No. 1309 Maintaining men in a

Self Care Health Facts Column
By John Bell – 30 May 2012
Maintaining men in a healthy environment
International Men’s Health Week (IMHW) is celebrated in June each year, with the aim of increasing
community awareness of men’s health issues. This year the theme relates to the impact of the environment
on men’s health.
Acknowledging the importance of the environment is why we have trees, gardens, parks, picnics, bush walks,
family days by the beach and so on. A study from the UK showed that patients with a view of trees and
gardens needed less pain relief and were discharged from hospital earlier than those with just a view of a
Of course, looking at the environment is one thing, becoming an active part of it is another. If men walked for
30 minutes each day it’s estimated heart attacks would be reduced by more than 35%.
And too often, it seems, the topic of men’s health is confined to discussion of conditions such as erectile
dysfunction, prostate problems or male pattern baldness, while overlooking issues such as heart disease,
diabetes and bowel cancer.
There are some alarming statistics regarding men’s health. More than 40% of Australian men over 40 suffer a
serious health problem. Men under 75 years of age are almost three times more likely to die from so-called
cardiovascular disease than women in the same age group; and, in men, alcohol misuse results in about
3,000 deaths and 65,000 hospitalisations every year.
According to the Men’s Health Australia website, compared with women, Australian men of all ages are less
healthy and, therefore, do not enjoy as good a quality of life as they should. All chronic conditions such as
obesity, cancer, diabetes and heart disease occur more frequently in men.
In the past hundred years things have improved. A male born in 2010 can expect to live 24 years longer than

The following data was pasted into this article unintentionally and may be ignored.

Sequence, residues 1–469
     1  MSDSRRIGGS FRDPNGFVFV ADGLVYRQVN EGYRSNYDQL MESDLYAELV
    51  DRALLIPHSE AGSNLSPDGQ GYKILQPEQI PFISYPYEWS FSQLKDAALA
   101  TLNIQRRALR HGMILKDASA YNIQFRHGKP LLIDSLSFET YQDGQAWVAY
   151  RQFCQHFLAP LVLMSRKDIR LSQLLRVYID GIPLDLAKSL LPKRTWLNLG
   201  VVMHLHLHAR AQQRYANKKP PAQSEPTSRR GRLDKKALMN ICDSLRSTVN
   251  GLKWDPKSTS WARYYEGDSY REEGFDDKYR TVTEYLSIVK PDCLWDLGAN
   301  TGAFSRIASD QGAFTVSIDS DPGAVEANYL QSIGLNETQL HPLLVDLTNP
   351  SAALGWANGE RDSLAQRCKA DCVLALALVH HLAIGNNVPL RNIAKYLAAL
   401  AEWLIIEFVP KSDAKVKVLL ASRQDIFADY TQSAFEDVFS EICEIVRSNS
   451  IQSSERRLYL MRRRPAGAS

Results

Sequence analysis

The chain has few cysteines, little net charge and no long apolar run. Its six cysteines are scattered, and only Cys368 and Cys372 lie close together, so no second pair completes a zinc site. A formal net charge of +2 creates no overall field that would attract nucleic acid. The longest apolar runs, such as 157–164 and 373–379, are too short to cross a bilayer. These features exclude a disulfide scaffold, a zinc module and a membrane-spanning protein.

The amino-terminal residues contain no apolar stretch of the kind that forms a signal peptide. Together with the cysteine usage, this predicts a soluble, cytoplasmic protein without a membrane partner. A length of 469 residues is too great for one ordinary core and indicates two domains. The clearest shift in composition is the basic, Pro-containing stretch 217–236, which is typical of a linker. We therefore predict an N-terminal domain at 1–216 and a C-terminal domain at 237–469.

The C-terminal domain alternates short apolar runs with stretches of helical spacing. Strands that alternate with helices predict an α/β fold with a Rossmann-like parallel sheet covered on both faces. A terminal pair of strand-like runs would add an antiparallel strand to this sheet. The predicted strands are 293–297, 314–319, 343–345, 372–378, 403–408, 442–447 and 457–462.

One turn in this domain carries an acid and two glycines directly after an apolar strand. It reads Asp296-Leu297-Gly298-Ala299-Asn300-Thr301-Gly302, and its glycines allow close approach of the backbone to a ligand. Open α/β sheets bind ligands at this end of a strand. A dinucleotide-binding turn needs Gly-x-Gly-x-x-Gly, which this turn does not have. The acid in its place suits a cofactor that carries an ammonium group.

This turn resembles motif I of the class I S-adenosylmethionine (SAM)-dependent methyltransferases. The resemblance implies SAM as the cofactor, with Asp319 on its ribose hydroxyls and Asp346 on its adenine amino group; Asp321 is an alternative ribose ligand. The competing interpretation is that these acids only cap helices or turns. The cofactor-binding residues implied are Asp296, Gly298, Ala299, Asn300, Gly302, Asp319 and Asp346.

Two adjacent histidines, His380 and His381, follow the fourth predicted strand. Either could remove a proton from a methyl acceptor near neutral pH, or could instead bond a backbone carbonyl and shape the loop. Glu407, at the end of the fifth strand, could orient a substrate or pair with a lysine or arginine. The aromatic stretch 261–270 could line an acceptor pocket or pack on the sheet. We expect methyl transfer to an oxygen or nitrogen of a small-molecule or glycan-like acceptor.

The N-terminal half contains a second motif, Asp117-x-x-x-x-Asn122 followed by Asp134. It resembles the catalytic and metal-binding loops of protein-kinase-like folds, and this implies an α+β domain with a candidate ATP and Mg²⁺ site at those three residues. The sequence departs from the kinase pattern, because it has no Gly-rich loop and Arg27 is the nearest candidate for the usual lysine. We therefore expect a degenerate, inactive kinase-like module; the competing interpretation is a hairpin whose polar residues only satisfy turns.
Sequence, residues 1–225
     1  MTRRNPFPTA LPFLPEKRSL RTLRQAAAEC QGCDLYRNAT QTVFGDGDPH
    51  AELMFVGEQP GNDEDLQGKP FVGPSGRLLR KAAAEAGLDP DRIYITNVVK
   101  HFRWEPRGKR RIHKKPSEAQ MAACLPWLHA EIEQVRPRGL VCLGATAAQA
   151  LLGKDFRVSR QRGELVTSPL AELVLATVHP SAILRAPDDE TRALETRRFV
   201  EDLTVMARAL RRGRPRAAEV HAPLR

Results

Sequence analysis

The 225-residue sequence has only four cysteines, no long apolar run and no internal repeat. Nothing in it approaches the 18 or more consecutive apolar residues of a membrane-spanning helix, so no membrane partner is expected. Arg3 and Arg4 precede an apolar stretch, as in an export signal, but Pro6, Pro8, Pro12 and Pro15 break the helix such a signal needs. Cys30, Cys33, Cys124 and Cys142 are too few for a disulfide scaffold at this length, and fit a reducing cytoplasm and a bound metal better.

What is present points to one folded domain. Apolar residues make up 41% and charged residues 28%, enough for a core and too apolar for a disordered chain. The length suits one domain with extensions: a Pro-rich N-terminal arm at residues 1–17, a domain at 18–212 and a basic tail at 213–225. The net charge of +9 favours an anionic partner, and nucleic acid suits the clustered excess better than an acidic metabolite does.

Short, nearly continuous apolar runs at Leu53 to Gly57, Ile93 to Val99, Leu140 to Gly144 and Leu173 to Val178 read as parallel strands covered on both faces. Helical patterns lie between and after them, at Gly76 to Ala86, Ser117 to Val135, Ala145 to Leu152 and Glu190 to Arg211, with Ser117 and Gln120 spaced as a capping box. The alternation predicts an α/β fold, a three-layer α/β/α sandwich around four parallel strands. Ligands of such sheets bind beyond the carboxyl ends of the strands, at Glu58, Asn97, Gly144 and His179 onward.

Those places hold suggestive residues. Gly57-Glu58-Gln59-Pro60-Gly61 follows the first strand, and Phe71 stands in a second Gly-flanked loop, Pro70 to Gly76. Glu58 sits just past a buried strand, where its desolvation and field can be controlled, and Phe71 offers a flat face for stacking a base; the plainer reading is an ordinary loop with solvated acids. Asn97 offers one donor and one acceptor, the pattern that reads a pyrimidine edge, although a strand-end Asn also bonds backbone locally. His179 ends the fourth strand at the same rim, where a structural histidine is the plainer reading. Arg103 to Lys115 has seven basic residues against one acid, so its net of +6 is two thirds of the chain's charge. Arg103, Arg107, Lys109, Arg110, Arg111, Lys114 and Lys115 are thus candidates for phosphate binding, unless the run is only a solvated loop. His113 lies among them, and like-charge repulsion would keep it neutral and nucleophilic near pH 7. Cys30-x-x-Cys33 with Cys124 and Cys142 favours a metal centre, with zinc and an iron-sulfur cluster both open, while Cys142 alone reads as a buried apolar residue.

one born in 1901; but still the life expectancy of men is nearly five years less than that of women.
It probably comes as no surprise to learn that men generally indulge in more risky behaviour than do women;
and this behaviour pattern has been the case for many centuries.
Perhaps this is one reason why men don’t last quite as long as women. Compared with women, men are
much more likely to die in accidents – traffic or work-related accidents – and be the victims of homicide or
suicide. But the fact that some men occasionally behave quite badly is not the only reason that in Australia
women live longer than men. This five year gap is quite common in other parts of the world as well; but the
reason differs from country to country.
So, when young Australian men survive their aggressive adolescence, they are still more likely to indulge in
dangerous lifestyle pursuits – smoking, eating and drinking to excess and exercising too little
It’s fair to say that women appear to have biological advantage over men; women seem to have a stronger
immune system; and the hormone oestrogen protects against heart disease and stroke – at least until after
the menopause.
However, men are less inclined to visit the doctor, both when they are ill, or just to have a regular check-up.
They’re very much aware of the need for motor vehicle or other machinery maintenance, but ignore the need
to protect their bodies from abuse, misuse or age-related deterioration.
In attempting to close that five year gap, all men, and women who care about them, could check out the
series of men’s health fact cards. They’re available from all pharmacies around Australia providing the Self
Care health information. For the nearest location call the Pharmaceutical Society (PSA) on 1 300 369 772 or
log on to the PSA website at Click on “Self Care”, then “Find a Self Care Pharmacy”.
 Pharmaceutical Society of Australia